Susan Asher, a Republican incumbent, restated her opposition to shifting to county dispatching of local police calls, questioning if it will bring a tax savings. She said it would mean pulling in police officers from the street to respond to the public coming at off-hours to headquarters to provide the services a dispatcher could have handled.She said she shared information four months ago with the mayor and council with demolition and revitalizing abandoned homes.’

”We need help from the state and federal government to resolve flooding issues,” she said. “You need to vote for the candidates who are willing to push to get results. ‘We are working on it’ is an ongoing, false statement. We need to take a strong stand with the developers and start developing Rustic Mall now for the much-needed ratables.”

  Democratic candidate Harry Bugal Jr. said his experience as a 15-year police officer for Clinton Township and had taken on training and supervisory roles “to develop myself as a professional.”

”I have seen areas of our town where the safety and well-being of our residents has been compromised,” he said. “My goal is not only to assist with getting our police force back to the proper manpower that is needed to safeguard our community, but to also support our emergency medical service members and firefighters.”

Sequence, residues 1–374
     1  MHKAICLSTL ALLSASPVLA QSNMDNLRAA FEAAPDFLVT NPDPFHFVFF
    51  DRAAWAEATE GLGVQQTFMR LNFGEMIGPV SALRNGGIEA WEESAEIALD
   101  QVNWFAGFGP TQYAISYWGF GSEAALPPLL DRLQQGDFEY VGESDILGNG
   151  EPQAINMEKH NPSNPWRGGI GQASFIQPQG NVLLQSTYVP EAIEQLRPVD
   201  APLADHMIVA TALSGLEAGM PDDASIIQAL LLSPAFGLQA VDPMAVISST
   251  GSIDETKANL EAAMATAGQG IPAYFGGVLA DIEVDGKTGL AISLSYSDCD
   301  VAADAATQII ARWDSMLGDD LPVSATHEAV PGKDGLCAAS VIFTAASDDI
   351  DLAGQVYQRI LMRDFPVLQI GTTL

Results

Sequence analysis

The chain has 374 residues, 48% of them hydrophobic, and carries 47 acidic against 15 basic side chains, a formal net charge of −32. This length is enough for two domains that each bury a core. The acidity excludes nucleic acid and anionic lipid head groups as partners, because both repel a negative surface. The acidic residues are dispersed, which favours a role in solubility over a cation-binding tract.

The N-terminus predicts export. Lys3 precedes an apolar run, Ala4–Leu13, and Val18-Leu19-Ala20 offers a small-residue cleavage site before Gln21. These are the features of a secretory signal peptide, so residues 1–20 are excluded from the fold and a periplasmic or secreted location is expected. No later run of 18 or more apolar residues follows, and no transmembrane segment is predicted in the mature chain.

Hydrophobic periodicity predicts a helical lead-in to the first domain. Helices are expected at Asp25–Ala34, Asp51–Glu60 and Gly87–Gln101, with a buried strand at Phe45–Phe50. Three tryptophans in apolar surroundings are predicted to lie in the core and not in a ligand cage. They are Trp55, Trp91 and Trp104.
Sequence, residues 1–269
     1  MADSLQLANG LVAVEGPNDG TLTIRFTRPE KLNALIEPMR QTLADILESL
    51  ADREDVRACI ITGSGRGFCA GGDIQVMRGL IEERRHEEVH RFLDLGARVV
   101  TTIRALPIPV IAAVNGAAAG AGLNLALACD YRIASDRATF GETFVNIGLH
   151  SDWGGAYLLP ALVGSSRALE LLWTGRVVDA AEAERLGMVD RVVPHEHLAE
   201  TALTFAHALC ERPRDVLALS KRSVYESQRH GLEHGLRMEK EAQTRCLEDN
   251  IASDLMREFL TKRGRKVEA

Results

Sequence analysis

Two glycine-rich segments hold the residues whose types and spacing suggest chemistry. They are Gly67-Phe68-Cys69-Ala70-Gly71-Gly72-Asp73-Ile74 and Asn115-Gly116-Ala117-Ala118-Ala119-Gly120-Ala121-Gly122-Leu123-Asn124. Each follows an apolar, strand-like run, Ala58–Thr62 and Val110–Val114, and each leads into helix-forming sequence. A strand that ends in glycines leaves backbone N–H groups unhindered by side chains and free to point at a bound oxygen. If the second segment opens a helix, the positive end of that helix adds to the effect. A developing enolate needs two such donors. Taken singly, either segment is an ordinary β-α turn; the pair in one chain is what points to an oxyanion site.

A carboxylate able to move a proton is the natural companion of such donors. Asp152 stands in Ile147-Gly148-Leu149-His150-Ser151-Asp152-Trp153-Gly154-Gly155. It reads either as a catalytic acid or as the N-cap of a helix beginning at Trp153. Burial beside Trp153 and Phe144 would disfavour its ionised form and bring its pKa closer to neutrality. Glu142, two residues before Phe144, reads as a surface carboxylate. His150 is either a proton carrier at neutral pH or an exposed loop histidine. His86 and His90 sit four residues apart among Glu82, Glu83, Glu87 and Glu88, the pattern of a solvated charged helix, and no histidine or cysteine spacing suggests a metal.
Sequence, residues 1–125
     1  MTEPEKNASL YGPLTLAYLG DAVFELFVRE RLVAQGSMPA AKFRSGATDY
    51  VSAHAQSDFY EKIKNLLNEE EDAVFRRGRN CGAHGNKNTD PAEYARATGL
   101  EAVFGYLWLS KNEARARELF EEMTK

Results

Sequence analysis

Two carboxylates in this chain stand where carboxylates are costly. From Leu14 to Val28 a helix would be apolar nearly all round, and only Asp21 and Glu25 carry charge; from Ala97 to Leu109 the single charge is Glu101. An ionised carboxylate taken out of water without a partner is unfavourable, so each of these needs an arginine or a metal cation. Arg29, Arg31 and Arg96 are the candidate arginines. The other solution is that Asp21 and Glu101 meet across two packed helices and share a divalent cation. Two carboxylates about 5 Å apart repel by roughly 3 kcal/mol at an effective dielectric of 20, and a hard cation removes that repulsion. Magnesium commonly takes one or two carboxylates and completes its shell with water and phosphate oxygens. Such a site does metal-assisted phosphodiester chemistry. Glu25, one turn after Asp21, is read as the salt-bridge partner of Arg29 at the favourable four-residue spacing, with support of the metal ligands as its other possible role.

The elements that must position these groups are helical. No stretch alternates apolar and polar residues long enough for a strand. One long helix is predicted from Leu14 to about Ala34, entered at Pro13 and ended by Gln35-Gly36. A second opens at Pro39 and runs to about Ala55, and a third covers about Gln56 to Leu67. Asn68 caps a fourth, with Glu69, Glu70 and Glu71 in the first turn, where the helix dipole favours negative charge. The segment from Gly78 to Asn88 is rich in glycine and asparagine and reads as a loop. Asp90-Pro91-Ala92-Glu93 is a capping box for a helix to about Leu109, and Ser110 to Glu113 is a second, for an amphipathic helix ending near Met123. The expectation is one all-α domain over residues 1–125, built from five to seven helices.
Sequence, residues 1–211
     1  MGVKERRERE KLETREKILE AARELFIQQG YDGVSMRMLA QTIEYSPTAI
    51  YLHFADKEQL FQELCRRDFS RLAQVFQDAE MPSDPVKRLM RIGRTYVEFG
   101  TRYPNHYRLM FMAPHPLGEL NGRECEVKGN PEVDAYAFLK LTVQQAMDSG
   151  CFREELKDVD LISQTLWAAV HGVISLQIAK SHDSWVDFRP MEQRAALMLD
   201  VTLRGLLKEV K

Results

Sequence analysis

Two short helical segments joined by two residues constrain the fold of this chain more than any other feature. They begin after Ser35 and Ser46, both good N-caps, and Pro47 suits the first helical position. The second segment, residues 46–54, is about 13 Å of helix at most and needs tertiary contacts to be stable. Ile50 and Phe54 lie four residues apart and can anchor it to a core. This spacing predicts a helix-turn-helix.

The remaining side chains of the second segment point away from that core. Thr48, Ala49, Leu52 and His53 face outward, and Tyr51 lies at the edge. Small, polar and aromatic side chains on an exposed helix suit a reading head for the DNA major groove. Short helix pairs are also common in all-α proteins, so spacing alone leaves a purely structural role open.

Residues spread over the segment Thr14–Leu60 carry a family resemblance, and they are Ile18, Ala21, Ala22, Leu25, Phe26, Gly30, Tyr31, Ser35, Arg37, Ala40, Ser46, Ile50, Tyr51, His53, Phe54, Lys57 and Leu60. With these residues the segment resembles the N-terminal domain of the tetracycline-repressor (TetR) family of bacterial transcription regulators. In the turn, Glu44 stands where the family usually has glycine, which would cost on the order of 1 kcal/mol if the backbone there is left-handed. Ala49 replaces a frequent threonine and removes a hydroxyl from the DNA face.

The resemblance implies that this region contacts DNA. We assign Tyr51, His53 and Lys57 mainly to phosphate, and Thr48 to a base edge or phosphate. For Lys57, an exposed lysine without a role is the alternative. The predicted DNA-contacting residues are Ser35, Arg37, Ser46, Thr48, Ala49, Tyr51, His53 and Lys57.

The main issues he said he would strive to directly impact are the flooding in town, redeveloping the Rustic Mall and public safety.

He said he had faith in the current Flood Commission and knew that it was making progress. The redevelopment question of the Rustic Mall is “long overdue,” he said, and said “it will be accomplished if I am given the chance to serve on Council.” If he had to, he said, “I would push to condemn the property and declare the property in need of redevelopment.”

Moving to the county dispatch service was long overdue, he said.

Richard Onderko, a Republican and former councilman, said he would work on improving Manville’s image and fight for a balanced budget. He said Republicans favored retaining borough-employed police dispatchers to keep the station open around the clock, “putting everyone’s safety first.”He said he would seek state transitional aid to help balance the budget and resolve flooding problems.